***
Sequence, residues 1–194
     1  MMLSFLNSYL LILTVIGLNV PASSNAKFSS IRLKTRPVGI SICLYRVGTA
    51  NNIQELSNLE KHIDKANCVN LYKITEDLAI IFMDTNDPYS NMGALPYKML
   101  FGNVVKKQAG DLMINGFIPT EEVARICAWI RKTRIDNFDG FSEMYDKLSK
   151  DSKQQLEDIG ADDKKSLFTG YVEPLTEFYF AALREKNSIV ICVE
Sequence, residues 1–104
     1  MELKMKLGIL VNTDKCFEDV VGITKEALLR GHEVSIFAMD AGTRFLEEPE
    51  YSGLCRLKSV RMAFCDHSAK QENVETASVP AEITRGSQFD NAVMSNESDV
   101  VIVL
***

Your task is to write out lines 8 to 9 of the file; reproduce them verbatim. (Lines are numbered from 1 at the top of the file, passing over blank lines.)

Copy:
    51  YSGLCRLKSV RMAFCDHSAK QENVETASVP AEITRGSQFD NAVMSNESDV
   101  VIVL